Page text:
Press Checks for Dummies: Part 1

23 04 2010

Nothing is more frustrating then getting a job back from your printer and being unhappy with the print work.  The sky was supposed to be blue… not purple.  Or I thought these flesh tones were supposed to be a little more flesh-like… these people are green!  Whatever the case – you have spent hours designing a piece that is supposed to reflect the brand and culture of your organization (see this article for more on the importance of color in branding) only to have it returned looking completely unlike what you intended. 

Now I know this is an extreme, but in reality what comes off the press will almost never match what was on your computer screen or in your mind.  Even the most skilled pressman (of which my company has MANY) don’t have ESP.  Yes, we make you check out a proof, but many clients don’t take advantage of another great tool offered by many printing companies at no charge – Press Checks!

For those of you who don’t know what a press check is, it is basically the equivalent of test-driving a car one last time before purchasing it.  You are already committed to running the printing job, but you can check out the actual printed piece as it comes off the press prior to the entire job being printed.  This is where you can refine the colors, check for any paper imperfections, and in general tweak your little heart out to get the feel that you want in the final piece.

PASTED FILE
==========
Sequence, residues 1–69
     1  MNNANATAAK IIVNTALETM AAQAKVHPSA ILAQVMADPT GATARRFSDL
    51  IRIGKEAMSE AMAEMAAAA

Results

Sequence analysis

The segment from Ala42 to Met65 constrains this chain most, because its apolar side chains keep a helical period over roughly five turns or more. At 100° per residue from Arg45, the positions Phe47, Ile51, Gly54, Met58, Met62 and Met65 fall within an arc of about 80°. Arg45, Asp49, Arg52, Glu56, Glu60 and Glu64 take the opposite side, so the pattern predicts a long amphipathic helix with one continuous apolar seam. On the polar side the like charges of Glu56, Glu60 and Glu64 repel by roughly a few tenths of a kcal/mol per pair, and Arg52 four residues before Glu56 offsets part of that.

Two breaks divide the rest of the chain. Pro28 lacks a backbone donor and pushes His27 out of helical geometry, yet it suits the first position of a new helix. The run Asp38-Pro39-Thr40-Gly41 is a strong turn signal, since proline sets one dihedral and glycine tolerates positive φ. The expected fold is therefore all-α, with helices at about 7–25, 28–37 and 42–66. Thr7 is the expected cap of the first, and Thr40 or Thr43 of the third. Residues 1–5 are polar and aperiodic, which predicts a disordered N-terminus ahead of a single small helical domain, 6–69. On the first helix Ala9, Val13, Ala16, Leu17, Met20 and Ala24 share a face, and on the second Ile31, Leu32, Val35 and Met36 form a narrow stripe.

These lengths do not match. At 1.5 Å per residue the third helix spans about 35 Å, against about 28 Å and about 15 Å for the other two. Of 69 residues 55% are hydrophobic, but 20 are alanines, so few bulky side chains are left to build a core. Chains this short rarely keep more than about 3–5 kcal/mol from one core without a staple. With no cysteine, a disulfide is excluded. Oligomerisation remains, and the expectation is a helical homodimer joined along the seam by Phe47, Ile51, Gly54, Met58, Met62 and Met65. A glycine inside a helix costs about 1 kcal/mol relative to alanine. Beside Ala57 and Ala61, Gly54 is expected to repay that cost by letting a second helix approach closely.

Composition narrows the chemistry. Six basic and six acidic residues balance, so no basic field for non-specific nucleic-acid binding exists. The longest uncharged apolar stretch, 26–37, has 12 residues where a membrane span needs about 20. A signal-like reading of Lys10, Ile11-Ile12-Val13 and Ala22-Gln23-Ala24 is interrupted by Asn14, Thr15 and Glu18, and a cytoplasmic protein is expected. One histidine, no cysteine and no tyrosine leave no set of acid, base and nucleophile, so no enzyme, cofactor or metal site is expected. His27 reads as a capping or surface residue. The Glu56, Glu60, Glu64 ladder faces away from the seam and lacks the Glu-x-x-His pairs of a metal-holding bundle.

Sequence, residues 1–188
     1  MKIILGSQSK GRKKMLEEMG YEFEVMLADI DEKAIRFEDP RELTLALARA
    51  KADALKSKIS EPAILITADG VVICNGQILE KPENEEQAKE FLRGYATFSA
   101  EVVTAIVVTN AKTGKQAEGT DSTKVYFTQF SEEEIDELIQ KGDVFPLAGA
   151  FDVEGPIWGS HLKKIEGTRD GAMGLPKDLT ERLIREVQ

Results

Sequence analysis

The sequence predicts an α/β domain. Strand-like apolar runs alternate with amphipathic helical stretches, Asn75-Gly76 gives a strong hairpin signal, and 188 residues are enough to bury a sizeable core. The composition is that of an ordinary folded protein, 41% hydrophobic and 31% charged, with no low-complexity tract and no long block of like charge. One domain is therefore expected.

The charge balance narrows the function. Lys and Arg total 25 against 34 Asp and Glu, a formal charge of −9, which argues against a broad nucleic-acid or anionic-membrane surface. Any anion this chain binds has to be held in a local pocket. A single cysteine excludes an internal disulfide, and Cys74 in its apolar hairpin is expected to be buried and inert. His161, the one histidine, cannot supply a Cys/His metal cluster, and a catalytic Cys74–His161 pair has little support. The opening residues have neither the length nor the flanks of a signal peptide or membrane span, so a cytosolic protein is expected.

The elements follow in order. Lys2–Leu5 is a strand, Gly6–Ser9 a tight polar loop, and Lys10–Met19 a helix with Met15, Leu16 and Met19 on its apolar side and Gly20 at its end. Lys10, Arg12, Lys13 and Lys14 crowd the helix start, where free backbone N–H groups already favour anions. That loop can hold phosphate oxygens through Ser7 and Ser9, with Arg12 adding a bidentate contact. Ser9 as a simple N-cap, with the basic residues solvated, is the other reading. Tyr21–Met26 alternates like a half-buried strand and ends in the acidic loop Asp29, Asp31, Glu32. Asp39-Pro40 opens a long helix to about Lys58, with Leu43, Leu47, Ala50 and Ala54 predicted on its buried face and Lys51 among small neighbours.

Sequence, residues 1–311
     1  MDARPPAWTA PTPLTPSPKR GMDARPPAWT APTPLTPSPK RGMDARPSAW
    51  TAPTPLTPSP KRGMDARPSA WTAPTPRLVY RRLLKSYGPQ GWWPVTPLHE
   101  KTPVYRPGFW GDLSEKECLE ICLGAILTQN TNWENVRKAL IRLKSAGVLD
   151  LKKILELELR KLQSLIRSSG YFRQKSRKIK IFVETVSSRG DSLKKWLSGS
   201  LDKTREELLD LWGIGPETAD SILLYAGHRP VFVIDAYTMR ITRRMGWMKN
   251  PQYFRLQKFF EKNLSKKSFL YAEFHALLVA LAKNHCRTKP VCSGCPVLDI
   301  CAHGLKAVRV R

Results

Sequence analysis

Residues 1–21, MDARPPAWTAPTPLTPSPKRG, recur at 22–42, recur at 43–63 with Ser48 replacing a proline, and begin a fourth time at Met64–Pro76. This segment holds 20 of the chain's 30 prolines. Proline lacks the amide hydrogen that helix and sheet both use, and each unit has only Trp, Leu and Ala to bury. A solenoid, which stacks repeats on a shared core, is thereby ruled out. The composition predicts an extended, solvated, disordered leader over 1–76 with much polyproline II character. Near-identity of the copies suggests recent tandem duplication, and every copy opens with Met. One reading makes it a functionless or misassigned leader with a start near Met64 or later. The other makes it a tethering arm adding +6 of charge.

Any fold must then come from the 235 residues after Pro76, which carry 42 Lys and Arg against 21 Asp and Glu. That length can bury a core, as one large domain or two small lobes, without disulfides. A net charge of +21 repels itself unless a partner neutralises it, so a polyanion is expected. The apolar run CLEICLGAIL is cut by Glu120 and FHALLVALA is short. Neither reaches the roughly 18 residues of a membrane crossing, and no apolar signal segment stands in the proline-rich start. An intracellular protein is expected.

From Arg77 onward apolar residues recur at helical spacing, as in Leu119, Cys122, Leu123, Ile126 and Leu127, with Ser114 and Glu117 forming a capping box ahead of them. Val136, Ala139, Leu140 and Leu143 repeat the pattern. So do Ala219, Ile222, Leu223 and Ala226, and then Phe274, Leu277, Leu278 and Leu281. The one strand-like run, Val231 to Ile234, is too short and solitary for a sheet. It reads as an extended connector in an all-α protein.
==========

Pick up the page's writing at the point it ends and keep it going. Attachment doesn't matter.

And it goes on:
I know press checks are not for everyone.  It isn’t always comfortable being in a loud production center, sometimes they are scheduled at inconvenient hours of the night or late morning, and some piece are honestly just not that important.  But if you are brand-conscious, printing a large quantity, or even just new to the printing industry – press checks may be just the tool you are looking for.

Stay tuned for a complete “how to” of press checking!  Know what to look for and how to ask for it.

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2 responses

24 04 2010
Bilgisayar Teknik Servis

was a nice sharing thanks

11 02 2011
Paul

Interesting idea. One that will always be a better suggestion BEFORE delivering the the print job. I think that the language on most proof approval forms would support that customers will get what they see and should expect nothing different. Make sure that this process is clear , perhaps even included as an option on the proof, and that you don’t simply create a way to shift the responsibility to the customer! You may also want to consider what impact scheduling press checks with your customers will have on your fulfillment processes.

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